Double-Wide: Who's Set to Benefit From the Expanded Panama Canal?
The historic renovation could be a boon for US ports, but right now the US is falling behind other global players.
While regional droughts have left US farmers facing some of the lowest crop outputs in decades, future competition from South American agricultural products may yield unfavorable competition as well.
“The Brazilians are able to grow soybeans without subsidies cheaper than we can grow them in the US with subsidies,” Lax says of Brazil’s agricultural advantages. “Once the expanded Canal is finished in 2014 it will not only allow Brazilian agriculture to continue, but also take advantage of their superior economies of scale and be able to underprice US agricultural goods.”
With the expanded Canal, Brazilians will be able to better feed China’s vivacious demand for soybeans and soy-derived products.
Brazilian sugar exports should benefit as well, Lax says.
According to a report released by the World Agricultural Outpout Board, Brazils soybean output is at a record high of 81 million, with their projected soybean exports boosted by a reduction in this years US crop.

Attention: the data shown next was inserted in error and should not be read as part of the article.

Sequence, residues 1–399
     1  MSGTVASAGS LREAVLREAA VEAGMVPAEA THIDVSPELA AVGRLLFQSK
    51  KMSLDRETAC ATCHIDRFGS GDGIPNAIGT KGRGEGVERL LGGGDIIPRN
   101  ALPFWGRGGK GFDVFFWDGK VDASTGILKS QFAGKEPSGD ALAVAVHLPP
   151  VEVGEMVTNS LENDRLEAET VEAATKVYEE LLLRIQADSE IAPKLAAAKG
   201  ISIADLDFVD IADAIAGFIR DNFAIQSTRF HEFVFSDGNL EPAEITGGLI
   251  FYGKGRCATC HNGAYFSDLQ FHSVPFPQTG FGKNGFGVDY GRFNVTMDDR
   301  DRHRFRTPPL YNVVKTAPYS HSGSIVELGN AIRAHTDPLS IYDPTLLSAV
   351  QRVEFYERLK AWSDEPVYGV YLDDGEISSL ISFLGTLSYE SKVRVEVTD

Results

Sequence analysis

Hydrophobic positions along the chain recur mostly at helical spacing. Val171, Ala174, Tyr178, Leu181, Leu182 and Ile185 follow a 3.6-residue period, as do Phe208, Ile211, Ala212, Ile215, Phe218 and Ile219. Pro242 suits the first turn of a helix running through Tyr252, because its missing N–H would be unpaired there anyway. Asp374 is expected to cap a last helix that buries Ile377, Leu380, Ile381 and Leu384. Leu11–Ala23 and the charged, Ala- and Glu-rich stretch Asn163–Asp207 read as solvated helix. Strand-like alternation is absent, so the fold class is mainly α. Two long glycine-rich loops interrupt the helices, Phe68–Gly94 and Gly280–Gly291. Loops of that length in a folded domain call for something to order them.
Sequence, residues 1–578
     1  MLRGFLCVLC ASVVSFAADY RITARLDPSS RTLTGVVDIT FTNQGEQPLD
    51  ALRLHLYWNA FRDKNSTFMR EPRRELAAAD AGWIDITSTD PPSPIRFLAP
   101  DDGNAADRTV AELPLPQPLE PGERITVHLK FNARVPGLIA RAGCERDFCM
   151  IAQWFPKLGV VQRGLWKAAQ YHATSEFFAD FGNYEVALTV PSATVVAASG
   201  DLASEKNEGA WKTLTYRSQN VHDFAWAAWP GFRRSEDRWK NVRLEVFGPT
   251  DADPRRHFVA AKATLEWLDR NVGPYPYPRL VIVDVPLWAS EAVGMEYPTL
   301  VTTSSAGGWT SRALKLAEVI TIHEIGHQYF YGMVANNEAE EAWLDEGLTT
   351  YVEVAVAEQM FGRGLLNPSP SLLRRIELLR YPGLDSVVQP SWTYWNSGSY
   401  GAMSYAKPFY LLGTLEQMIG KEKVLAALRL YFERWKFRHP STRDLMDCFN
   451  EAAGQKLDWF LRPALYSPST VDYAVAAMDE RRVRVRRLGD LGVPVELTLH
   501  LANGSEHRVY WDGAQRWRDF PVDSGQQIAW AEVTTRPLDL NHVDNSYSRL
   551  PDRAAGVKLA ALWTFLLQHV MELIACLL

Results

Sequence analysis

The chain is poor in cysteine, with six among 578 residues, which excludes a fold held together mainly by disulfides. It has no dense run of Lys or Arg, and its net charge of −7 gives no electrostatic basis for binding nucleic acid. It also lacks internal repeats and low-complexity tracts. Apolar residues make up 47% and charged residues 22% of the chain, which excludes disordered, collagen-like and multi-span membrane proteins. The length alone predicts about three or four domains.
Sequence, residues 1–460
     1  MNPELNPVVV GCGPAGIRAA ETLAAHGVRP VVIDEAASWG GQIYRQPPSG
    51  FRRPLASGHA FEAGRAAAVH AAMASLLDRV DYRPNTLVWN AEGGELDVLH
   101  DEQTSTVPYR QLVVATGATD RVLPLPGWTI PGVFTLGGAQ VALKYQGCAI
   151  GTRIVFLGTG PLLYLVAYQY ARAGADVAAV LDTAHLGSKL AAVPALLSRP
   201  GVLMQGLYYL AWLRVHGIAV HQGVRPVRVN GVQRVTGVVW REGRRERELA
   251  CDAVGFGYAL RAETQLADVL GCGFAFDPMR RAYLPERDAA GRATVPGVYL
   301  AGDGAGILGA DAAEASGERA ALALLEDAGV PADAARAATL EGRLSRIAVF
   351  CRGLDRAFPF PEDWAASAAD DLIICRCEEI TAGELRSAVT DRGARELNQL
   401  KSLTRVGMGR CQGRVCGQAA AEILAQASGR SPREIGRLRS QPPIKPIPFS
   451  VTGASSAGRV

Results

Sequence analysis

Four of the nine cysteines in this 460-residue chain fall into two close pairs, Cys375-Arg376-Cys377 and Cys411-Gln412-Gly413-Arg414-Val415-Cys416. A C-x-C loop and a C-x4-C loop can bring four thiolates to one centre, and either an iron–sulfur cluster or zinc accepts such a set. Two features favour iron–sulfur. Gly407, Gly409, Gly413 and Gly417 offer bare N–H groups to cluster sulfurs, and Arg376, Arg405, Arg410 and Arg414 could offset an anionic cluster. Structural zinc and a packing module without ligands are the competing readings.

As for the United States, three out of 10 bushels of domestic grain and 44% of total US soybean exports travel through the Panama Canal. A report titled "Panama Canal: Impact on US Agriculture" by Informa Economics, Inc., an agribusiness research and consulting company, details this and more on the potential impact of the expansion on US agriculture. Soybean exports are expected to grow from 365 million bushels to 750 million by 2020, and 11 new grain elevators recently have been put in place across the country in anticipation of increased volume. A larger Panama Canal can offer many opportunities to agricultural exporters -- larger export loads and lower transport costs among them. But these are met with various concerns over whether or not the US will be able to meet supply at more competitive global prices.
On the other hand, Brazil benefits from GDP growth over 4% and crop acreage that is not in production and available for development. This is in addition to Brazilian farmers forcing crop production out of their country quickly, because of lack of available storage and fewer hedging opportunities.